Every once in a while someone asks how I manage to write so much and my answer is always the same: I’ve trained myself to do it to the point where it’s habitual. If I don’t get the day’s pages in, I feel cranky and restless. I feel like time is slipping away and there’s a host of stories I’ve got to get out of me before that happens. It’s from that particularly unhealthy mindset that I learned to be productive. Now I can’t enjoy anything without feeling like I should be writing.
That’s not braggadocio, but an actual curse. I’ve got Shadow of the Tomb Raider currently in my Xbox, and while I’ve enjoyed what little I’ve played of Lara’s latest, I just can’t bring myself to sink hours each night into it. Because I’ve got writing to do.
This isn’t me talking about how I’ve got everything figured out. And I’m definitely not saying how much better than anyone I am. And you’re getting all this preamble because I know that somebody is inevitably going to take this article as me saying exactly that. It’s not, okay? Just trust me here.
Most recently, someone who shall remain nameless asked about my productivity. They wanted to know how I managed to have so many projects going in various stages of completion. I started to explain my strategy before realizing midway through the conversation that they weren’t actually interested in hearing about my process, per se. What they wanted instead was my secret. To teach them how to be as productive.
The Nameless isn’t a writer. Not yet, at least. But they wanted me to know they’ve often thought about doing it and have convinced themselves that they only need time. I get that. My family has doubled in size over the last three years, and with two kids running around, my free time has gotten scarce. So I sympathized with this person and offered up the following, not because it’s revelatory or consolatory, but because I truly believe it. And six million other authors will tell you the same:
Just do the work. Write, write, write.
Scrimp and scratch and give yourself one hour a day to get it done. Surely you can do one hour a day, right?
Well, this person assured me they could not. That it wasn’t as easy as that. So I got to thinking about things and decided that maybe things aren’t so cut and dry for everybody. And if your situation falls beneath that particular umbrella, then I am probably not the best person to offer advice. I still think there’s sixty minutes in the day (or most days, at least) to get your story down.
In this particular instance, though, I was right. Turns out the Nameless had lots of time, because later that night, they posted on social media how they’d just binged half a season of Netflix’s GLOW. And if that wasn’t bad enough, they proceeded to have an extensive conversation beneath their comment about how they’ve managed to stay current with most shows, going so far as to offer recommendations to friends in search of the next great series.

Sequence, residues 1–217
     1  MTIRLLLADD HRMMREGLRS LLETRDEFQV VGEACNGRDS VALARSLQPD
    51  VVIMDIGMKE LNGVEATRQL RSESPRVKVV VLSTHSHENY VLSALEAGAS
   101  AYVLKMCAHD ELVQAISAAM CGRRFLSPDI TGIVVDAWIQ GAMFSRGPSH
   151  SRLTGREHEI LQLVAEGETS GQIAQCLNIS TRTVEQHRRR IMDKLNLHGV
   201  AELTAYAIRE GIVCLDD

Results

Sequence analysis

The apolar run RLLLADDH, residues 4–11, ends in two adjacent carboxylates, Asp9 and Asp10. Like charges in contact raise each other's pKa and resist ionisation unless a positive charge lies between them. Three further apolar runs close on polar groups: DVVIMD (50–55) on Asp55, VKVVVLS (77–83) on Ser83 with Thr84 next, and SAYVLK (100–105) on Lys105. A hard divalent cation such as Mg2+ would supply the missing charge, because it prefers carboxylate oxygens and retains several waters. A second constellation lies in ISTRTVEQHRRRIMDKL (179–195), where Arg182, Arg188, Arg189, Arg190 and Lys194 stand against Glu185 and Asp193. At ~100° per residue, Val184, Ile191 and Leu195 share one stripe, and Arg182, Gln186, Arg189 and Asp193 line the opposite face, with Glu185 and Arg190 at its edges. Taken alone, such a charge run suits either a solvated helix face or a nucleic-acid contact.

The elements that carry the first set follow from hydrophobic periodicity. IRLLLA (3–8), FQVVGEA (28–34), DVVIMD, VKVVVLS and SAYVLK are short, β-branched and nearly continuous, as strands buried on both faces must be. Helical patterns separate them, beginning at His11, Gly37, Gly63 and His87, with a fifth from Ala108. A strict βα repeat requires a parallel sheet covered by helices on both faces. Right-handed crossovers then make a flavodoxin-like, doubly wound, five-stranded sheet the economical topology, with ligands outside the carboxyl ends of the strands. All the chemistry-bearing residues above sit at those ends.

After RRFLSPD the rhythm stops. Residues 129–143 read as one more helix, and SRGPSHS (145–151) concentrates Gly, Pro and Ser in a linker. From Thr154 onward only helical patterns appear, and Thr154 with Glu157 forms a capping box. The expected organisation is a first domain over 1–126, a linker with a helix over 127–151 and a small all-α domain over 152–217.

And yet they’ve never written a single word.
So my sympathies crumbled. Cut the shit, I wanted to say, but thought better of it. Because what does it matter to me in the end?
Here’s where the height of my psychosis is revealed: I’m sort of jealous of this person. There are plenty of shows I’d love to see. Stacks of books and movies I’ve been trying to get to. Several video games to play. But once my kids go to sleep, my evenings are difficult. I sit and struggle with everything from story beats to clunky sentences, and have an even harder time prioritizing my projects. Do I edit manuscript one or manuscript two? Finish outlining that script? Write those short stories? Or should I start my session by cleaning out my inbox? I’m not complaining (as far as you know). It’s the life I’ve chosen and on most nights, I love what I do and I’m grateful for every opportunity that I’ve had (and will get).
But here’s the other thing. Many of my fellow writers and peers are out there working just as hard. They’re in the trenches with me and I’m honored to be in the fight alongside them–men and women who take the writing process just as serious. For every streaming connoisseur, there’s a considerably fine group of friends and colleagues who’ve abstained from “binge life.” They’re just trying to move the ball forward as best they can. I’ll never say this to any of their faces, but they inspire me daily and that helps keep my motivation sharp.
And while we’re doing this, the Nameless is knocking off another episode of this week’s binge obsession while clinging to the belief that it’s a simple lack of time that’s preventing those pages from manifesting. I’m eager to see where Lara Croft’s latest adventure takes her, and I will eventually find out! For now, though, I’m content to let the things I enjoy function as motivators to do the work. Lots of things vie for our attentions these days, and if you don’t have the drive to keep those temptations at bay while you strengthen your writing muscle, you’re probably not taking many jobs away from me. I guess I’m okay with that.
Be honest with yourself, though. You have the time to write your brains out. You choose not to. It’s called work for a reason, and it’s the only way you’re going to get a foothold in a rather unforgiving industry. Writers write. So get it done. Stop asking people how to do it and just do it. Because eventually, that question just becomes another avenue of procrastination.
So, to quote Britney (and justify the use of my hero image), you gotta work bitch.